Sewer Gas coming up in Master Bathroom Sink?

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  #1  
Old 01-09-05, 11:13 AM
dmwisniewski
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Unhappy Sewer Gas coming up in Master Bathroom Sink?

Hello.

Once in awhile when I run the sink in our master bathroom, it starts to smell like, what I think, is the sewer gases from the drain. While it doesn't happen all the time, and also I might add, is only in our bathroom, could it be a bad trap? I never heard a trap not working, but maybe its common? The sink drain is connected to the toliet drain, obviously. Our toliet got plugged a while back - could "stuff" have pushed backwards to the sink drain, and now bacteria or denser matter is in our sink drain trap? I did use the plunger quite aggressively.

Please advise...

Thank you for your time.

Best regards,
David
 
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  #2  
Old 01-09-05, 11:25 AM
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If it is something in the drain line that is smelling then you could pour a bleach and water mixture in the sink and see if that cures it. What you may want to try is to look down the sink drain and have someone flush the toilet. If the water in the trap moves, you have a vent problem. If the vent is plugged, when the toilet is flushed it needs air to let the water go down the drain. If no air is available from the vent, it will pull the water out of the sink trap. Then without a water seal in the trap, you get the sewer gases coming back up through the sink drain. Good luck.
 

Last edited by majakdragon; 01-09-05 at 05:11 PM.
  #3  
Old 01-09-05, 11:26 AM
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Either of two things could be the problem.
(A) It could be from a partially clogged vent pipe on the roof above that bathroom. When water drains through the system and a vent pipe is clogged, it will create another "vent" by siphoning the water out of the nearest trap which allows sewer gas back in.
A vent pipe clog could be caused by anything...snow, ice, frost, leaves, debris, birdnest, etc. Go up on the roof and clean anything that you can reach out of the top of vent pipe by hand, and if necessary, snake the vent from top to bottom with a heavy-duty plumber's snake and flush it down with a water hose sprayer.
(B) It could be smelly algae buildup in the sink drain and overflow hole. Plug the drain with a wad of paper towel, and pour a non-caustic, enzyme-based drain cleaner such as DrainCare into the drain and the sink overflow hole.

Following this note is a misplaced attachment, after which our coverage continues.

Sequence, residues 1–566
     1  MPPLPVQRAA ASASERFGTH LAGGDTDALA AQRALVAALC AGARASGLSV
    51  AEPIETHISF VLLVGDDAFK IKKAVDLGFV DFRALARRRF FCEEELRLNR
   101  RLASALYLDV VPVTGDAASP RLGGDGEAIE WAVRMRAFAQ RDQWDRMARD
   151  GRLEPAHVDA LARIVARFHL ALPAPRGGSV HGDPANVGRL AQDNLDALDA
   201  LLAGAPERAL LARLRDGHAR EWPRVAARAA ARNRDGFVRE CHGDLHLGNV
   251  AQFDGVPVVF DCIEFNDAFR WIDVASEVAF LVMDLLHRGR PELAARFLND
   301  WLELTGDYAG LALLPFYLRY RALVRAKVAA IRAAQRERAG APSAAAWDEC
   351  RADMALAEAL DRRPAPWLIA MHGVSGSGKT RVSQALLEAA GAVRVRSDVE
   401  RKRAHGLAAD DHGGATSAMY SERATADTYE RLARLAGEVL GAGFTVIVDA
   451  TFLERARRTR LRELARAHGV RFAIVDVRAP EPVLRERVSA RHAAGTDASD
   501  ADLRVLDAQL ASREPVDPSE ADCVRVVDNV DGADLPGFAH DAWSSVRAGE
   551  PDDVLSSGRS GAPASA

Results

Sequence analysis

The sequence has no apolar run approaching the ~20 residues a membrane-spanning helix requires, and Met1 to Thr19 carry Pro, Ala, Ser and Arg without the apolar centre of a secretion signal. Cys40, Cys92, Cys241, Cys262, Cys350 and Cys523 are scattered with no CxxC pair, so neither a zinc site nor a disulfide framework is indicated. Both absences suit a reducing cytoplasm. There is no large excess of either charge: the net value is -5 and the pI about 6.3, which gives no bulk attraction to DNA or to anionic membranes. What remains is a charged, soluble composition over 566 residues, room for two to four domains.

Let it sit overnight, and then flush it out with very hot water.
(Don't throw the paper towel into the toilet. It will clog it. Throw it in the trash.)
Good luck!
Mike
EDIT: Ping! Terry and I did it again. LOL
 
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Old 01-09-05, 11:31 AM
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Wink

Your way up north there. Have you checked the outside vent stack on the roof it can be froze shut.when you flush it can pull the water out of that other trap there.

ED
 
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Old 01-09-05, 11:37 AM
dmwisniewski
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Thanks guys!

Yes, I'm up in Wisconsin - very cold this time of year. You know, when I think about it, this gas smell started during the cold winter months. It is very possible that is frozen. So, let me get this straight - if the vent is plugged, it will pull water right out of the trap? Leaving it wide open for gases to come up?

Could I wrap it with an electric pipe heater? I can't go up there right now, too much snow and too cold.

Thanks!
 
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Old 01-09-05, 11:45 AM
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If it is the vent, it will not totally empty the trap. It will just suck enough water out so that there is an air gap in the trap to suck air from. Not really much you can do right now if you cannot get on the roof. Just add water to the sink trap each time you flush the toilet (run some water in the sink after flush is complete).